Telecoms group Singtel is preparing for a new phase of pay-TV competition in Singapore, moving domestic IPTV unit Singtel TV into its main consumer arm at the start of its new financial year to sit alongside its voice, fixed and mobile broadband services.
“The battle in Singapore has shifted,” says Goh Seow Eng, MD of Home, a new stable for Singtel’s TV, broadband and fixed voice businesses.
“It’s no longer about triple play, it’s about quad play now,” Goh tells Media Business Asia. “It’s all about bundling.”
The move also signals a growing maturity for Singtel’s eight-year-old pay-TV business, which was rebranded from Mio TV earlier this year.
Previously Singtel TV had been housed in Digital Life, a media and digital services division set up in 2012 at arm’s length from the rest of the group to focus on emerging digital businesses with medium-term goals.
Singtel’s pay-TV revenues are on a good growth trajectory, up 35% Y/Y to S$236 million (US$182 million) for its most recent financial year (ending March 31), mainly on the back of stronger Arpus, which rose 32% over the same time-frame, from S$31 (US$24) a month in 2014 to S$40 in 2015.
That’s mainly due to increased access to content, as carriage agreements are renegotiated to comply with cross-carriage regulations, enabling Goh to focus marketing efforts on Singtel TV’s premium Value Pack, which includes the full channel suite.
The pay-TV provider added channels from Turner and NBCU at the start of the year after prior contracts with StarHub expired December 31. More carriage deals are up for renewal this year, including Discovery, HBO and Sony.
As more channels come on board, Singtel TV’s packaging will likely need further tweaks, Goh muses.
“Those days of not having enough channels to sell and selling a la carte – those days are over,” he says. “Now it’s all about selling big packs, the bigger the better, while also selling DVRs, second set-top boxes, things like that.”
The importance of Arpu
Higher Arpu will also help cover rising content costs. Singtel is also likely to moderate its sports spending, possibly sharing bids for Euro 2016 and Barclays Premier League (BPL) rights with main rival StarHub.
Goh is confident that Singtel TV’s Arpu will catch up with StarHub – the market leader on S$51/month – within 18 months. After that competition shifts fully to value-added services, while running the business better, with pay-TV playing a major role in a bigger bundled proposition.
Both sides are setting up improved ratings systems, commissioning research agencies to collect return-path data (RPD) from set-top boxes, while recruiting data analysts to make sense of it all, to better understand viewing behavior across multiple devices.
Singtel’s number-crunchers are housed in DataSpark, a new unit within Digital Life that also provides external consulting services.
Initially, this can help with ad revenue as well as content and carriage decisions. Two channels have entered performance-related deals with Singtel, related to their peer ranking, although it is tough persuading others to come on board.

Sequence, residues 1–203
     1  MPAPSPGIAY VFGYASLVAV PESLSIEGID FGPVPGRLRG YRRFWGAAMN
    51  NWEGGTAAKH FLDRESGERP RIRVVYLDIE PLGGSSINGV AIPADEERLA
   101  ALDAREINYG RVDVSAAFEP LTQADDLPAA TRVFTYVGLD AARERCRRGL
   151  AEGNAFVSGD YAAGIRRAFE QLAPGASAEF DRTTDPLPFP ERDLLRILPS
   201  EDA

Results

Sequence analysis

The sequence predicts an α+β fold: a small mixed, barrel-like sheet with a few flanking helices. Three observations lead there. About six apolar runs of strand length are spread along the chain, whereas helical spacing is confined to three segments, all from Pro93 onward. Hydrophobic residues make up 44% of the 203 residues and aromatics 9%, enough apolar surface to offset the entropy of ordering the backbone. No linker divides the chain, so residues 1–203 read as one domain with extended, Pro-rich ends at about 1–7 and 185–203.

Longer-term, indexing multiple data sources can help discover new business areas for both StarHub and Singtel, providing a variety of broadband-related services, from health to education to entertainment.
Developing these additional revenue streams, however, is going to take some time.
“That’s always the ambition,” Goh says. “We have the data. The very, very difficult challenge is making sense of that data. It is terabytes of data. We’ve got something like 25 data scientists downstairs – we still find it’s not enough.”
In the more immediate term, there is more that Goh can do to sustain Singtel TV’s growth.
Chinese programming remains underweight in the portfolio, pushing Goh to explore content from mainland China, to complement existing fare from Taiwan as well as regional player, Celestial Tiger Entertainment.
Singtel TV also operates its own in-house channel, Jia Le, which broadcasts in both Hokkien and Mandarin. Singtel recently co-produced a drama for the channel with Taiwanese broadcaster Sanlih, but Singapore’s market size limits the scope to significantly scale up investment.
Goh is also evaluating ways to approach the ~27% of Singaporean non pay-TV homes, possibly through a subsidized set-top box in the hope of upselling to paid content – echoing StarHub’s strategy – or through an OTT service, which could be supplied separately by Singtel’s SVOD subsidiary, Hooq.
High-speed broadband is almost ubiquitous in Singapore, providing a readymade distribution channel into lower-income households, as well as heightening competition from pirated services.
Hooq’s entry into Singapore depends on the timeline and resources of Hooq’s CEO Peter Bithos, Goh explains.
For the moment, the company – which launched earlier this year as a JV with Sony Pictures and Warner Bros – is concentrating on large growth markets in South and Southeast Asia in a bid to build scale.
Hooq, responsible for its own programming deals, has already secured Filipino, Indian and Thai content, in addition to Hollywood films and shows.
As of today however, it’s still short on Chinese and Malay fare that would help drive uptake in Singapore.
“It could be early next year, it could be this year,” Goh says.
“Singapore is always a challenging market. Even if Singapore is wildly successful for Hooq, it’s not going to move the needle, due to Singapore’s small size relative to the big markets in South and Southeast Asia.”